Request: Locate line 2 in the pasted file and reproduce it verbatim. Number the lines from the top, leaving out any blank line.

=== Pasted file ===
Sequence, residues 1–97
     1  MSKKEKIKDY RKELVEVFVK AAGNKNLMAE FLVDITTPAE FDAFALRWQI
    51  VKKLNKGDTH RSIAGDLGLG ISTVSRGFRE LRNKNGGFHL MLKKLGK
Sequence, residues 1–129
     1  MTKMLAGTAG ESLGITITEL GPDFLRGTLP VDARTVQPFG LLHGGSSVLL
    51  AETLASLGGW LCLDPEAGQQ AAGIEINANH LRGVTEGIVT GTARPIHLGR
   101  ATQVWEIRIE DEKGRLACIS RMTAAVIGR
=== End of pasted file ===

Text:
     1  MSKKEKIKDY RKELVEVFVK AAGNKNLMAE FLVDITTPAE FDAFALRWQI